woman drinking tea

Does Tea Stain Your Teeth?

Most people know coffee is a major cause of stained teeth.

But did you know tea can also turn your pearly whites a yellowish hue? Black tea stains on the teeth and gums are caused by tannins -- deeply pigmented organic substances found in plants. Because black tea has a higher tannin content, it may actually be more likely than coffee to stain your teeth.

As a rule, the darker the tea colour, the greater chance it will stain your teeth.

Despite all that, you may not be ready to give up drinking tea. If so, it's important to take care of your teeth to keep the staining to a minimum.

How To Reduce Tea Stains

Drinking tea can cause lasting discolouration of your teeth. That said, it's possible to reduce staining through good oral care habits.

At home, a simply daily oral hygiene routine can help. Brushing twice a day with a fluoride toothpaste is a great start. It may also be helpful to drink water after a cup of tea to rinse away some of the tannins left in your mouth.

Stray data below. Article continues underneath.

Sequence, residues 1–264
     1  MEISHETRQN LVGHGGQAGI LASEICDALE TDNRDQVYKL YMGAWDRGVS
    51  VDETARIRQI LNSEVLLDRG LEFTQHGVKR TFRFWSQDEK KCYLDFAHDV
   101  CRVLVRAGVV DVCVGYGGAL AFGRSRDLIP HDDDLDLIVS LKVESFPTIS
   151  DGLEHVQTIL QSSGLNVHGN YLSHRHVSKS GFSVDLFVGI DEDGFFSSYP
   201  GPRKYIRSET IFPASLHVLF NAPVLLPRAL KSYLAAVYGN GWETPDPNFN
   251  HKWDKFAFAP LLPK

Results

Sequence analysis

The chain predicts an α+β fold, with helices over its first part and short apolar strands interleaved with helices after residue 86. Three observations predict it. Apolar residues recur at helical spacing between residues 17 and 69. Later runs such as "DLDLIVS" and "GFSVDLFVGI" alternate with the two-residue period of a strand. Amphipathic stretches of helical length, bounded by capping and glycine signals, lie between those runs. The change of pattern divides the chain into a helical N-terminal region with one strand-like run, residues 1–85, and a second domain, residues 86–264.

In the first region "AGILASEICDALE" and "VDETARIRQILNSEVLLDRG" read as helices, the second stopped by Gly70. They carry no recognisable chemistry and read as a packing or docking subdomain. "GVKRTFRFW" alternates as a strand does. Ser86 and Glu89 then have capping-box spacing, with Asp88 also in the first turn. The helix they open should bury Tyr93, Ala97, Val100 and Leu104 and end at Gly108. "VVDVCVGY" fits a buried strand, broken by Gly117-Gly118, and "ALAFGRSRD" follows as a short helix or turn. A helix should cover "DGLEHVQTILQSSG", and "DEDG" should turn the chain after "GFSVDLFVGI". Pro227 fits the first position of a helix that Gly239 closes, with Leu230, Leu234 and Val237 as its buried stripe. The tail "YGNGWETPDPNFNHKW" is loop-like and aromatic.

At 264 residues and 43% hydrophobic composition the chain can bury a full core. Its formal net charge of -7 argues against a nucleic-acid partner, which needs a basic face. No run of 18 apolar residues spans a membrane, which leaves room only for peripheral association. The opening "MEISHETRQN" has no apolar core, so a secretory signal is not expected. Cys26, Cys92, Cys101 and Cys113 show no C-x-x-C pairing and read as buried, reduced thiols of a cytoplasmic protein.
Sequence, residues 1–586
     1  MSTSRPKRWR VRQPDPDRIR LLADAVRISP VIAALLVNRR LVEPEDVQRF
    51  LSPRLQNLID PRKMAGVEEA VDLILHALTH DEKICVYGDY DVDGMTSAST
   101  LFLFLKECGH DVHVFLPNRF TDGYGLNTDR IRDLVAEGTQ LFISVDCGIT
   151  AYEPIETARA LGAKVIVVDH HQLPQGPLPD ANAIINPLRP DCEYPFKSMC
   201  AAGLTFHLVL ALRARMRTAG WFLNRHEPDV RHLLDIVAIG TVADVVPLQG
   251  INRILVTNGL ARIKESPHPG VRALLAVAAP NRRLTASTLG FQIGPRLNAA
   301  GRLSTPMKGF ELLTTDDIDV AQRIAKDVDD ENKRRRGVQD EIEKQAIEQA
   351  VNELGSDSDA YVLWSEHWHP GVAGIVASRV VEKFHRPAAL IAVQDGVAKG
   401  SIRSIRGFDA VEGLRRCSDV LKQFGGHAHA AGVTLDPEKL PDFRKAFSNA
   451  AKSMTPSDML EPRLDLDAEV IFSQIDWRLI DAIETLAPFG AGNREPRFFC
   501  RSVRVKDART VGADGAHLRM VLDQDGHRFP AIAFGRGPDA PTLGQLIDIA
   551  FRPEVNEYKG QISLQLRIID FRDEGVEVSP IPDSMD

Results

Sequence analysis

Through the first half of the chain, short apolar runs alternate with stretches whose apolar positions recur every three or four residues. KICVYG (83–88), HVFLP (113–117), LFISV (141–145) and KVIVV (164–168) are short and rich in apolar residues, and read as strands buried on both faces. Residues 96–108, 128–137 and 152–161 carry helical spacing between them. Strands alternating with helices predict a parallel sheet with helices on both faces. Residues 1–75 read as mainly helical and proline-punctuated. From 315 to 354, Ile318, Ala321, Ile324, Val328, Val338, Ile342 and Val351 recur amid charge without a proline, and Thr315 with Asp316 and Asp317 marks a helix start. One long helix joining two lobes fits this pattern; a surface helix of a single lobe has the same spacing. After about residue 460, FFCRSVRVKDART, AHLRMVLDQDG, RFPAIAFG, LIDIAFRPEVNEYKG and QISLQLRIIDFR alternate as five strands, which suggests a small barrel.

Lighter-coloured teas stain less, so switching from black to herbal or green teas can reduce staining. Just know that even lighter teas, such as chamomile and hibiscus, can discolour your teeth if you drink them regularly.

How To Remove Tea Stains

Now that you're aware that tea can stain your teeth, you might want to think about a teeth whitening process to combat discolouration.

The simplest approach is using a teeth whitening toothpaste. Some can whiten your teeth up to three shades lighter. And results can start to show within one week.

Another easy-to-use option is a teeth whitening mouthwash. Just swish it around in your mouth right after brushing to get into those hard-to-reach areas a toothbrush can’t go.

You can also supplement your usual brushing routine with an at-home teeth whitening kit. There are quite a few product types to choose from, including strips, gels, LED light systems, and whitening pens.